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Idiopathic scoliosis in children and adolescents: assessment with a biplanar X-ray device.

Amzallag-Bellenger E, Uyttenhove F, Nectoux E, Moraux A, Bigot J, Herbaux B, Boutry N - Insights Imaging (2014)

Bottom Line: It is a three-dimensional (3D) spinal deformity.Conventional radiography is still the modality of choice for evaluation of children and adolescents with idiopathic scoliosis, but it requires repeat radiographs until skeletal maturity is reached and does not provide information about spinal deformity in all three planes.With its specific software, this novel vertical biplanar X-ray unit provides 3D images of the spine and offers the opportunity of visualising the spinal deformity in all three planes.

View Article: PubMed Central - PubMed

Affiliation: Department of Paediatric Radiology, Jeanne de Flandre Hospital, Lille 2 University, University Hospital of Lille, Lille, France.

ABSTRACT

Unlabelled: Idiopathic scoliosis is one of the most common conditions encountered in paediatric practice. It is a three-dimensional (3D) spinal deformity. Conventional radiography is still the modality of choice for evaluation of children and adolescents with idiopathic scoliosis, but it requires repeat radiographs until skeletal maturity is reached and does not provide information about spinal deformity in all three planes. A biplanar X-ray device is a new technique that enables standing frontal and lateral radiographs of the spine to be obtained at lowered radiation doses. With its specific software, this novel vertical biplanar X-ray unit provides 3D images of the spine and offers the opportunity of visualising the spinal deformity in all three planes. This pictorial review presents our experience with this new imaging system in children and adolescents with idiopathic scoliosis.

Key points: • The biplanar X-ray device produces two orthogonal spine X-ray images in a standing position. • The biplanar X-ray device can assess idiopathic scoliosis with a lower radiation dose. • The biplanar X-ray device provides 3D images of the spine.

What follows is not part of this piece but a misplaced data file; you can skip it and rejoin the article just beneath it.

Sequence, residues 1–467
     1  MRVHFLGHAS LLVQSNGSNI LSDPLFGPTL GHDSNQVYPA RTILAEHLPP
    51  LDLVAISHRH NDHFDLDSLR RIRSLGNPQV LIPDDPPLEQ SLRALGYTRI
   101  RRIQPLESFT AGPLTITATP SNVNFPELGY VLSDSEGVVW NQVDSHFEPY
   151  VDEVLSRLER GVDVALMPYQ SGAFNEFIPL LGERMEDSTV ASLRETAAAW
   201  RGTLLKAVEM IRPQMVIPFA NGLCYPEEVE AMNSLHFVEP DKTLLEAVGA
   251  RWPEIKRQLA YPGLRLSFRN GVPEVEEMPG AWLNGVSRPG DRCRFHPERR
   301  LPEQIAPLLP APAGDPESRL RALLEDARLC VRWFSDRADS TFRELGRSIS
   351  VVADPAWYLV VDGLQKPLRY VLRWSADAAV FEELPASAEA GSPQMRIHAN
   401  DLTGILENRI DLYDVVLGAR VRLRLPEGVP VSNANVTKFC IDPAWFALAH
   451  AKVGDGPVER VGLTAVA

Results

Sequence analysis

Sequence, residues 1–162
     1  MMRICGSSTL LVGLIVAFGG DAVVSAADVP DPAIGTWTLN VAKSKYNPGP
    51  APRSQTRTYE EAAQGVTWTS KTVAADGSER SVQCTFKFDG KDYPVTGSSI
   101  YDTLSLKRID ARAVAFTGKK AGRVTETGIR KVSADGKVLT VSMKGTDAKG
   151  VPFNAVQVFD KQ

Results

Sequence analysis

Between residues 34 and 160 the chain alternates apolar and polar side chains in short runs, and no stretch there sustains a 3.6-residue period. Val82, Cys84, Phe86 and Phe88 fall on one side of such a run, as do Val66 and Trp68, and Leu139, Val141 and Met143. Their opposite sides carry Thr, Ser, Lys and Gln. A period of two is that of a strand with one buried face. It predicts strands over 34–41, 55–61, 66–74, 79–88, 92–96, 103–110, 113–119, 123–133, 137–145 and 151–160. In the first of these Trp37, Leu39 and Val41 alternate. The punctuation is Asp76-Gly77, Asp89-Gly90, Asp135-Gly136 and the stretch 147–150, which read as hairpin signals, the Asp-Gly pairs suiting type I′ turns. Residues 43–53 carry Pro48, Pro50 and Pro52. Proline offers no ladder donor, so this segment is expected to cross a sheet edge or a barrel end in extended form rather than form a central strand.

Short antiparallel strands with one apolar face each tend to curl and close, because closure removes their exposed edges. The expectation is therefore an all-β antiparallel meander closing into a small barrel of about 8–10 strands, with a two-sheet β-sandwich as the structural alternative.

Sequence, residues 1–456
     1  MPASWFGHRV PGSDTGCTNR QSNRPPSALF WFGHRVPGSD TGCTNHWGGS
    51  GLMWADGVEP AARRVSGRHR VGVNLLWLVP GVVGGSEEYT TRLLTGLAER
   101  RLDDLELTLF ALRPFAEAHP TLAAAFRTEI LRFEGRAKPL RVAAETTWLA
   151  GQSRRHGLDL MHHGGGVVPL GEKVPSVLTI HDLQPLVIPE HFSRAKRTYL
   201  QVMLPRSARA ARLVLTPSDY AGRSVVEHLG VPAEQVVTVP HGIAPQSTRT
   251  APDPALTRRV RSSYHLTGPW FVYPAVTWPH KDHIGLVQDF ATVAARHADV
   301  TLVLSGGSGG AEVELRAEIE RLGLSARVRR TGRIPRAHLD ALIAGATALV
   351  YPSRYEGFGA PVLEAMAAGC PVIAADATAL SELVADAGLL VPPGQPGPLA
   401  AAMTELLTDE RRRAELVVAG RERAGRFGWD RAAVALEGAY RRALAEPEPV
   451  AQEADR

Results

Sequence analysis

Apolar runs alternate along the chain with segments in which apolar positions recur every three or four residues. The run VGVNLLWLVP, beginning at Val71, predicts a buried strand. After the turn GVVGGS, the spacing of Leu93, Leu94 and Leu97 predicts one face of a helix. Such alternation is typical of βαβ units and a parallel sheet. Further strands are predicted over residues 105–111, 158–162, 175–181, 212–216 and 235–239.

No MeSH data available.


Related in: MedlinePlus

Surface 3D reconstructions of the spine in a 13-year-old girl with idiopathic thoracic scoliosis. A 3D model of the spine (indicated in red) is generated by the software and overlayed to the native AP and lateral radiographs (a). This model has to be manually adjusted by the operator to precisely match the spinal anatomy. Different perspectives of the spinal deformity are obtained, showing the right thoracic curvature, superior (T6) and inferior (T12) end vertebrae (in blue), and the apical vertebra (T8) in yellow (b). Measurements based on the 3D model are finally automatically computed, including values for spinal curvatures, axial vertebral rotation and pelvic parameters. [Total DAP = 626 mGy·cm2]
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Fig4: Surface 3D reconstructions of the spine in a 13-year-old girl with idiopathic thoracic scoliosis. A 3D model of the spine (indicated in red) is generated by the software and overlayed to the native AP and lateral radiographs (a). This model has to be manually adjusted by the operator to precisely match the spinal anatomy. Different perspectives of the spinal deformity are obtained, showing the right thoracic curvature, superior (T6) and inferior (T12) end vertebrae (in blue), and the apical vertebra (T8) in yellow (b). Measurements based on the 3D model are finally automatically computed, including values for spinal curvatures, axial vertebral rotation and pelvic parameters. [Total DAP = 626 mGy·cm2]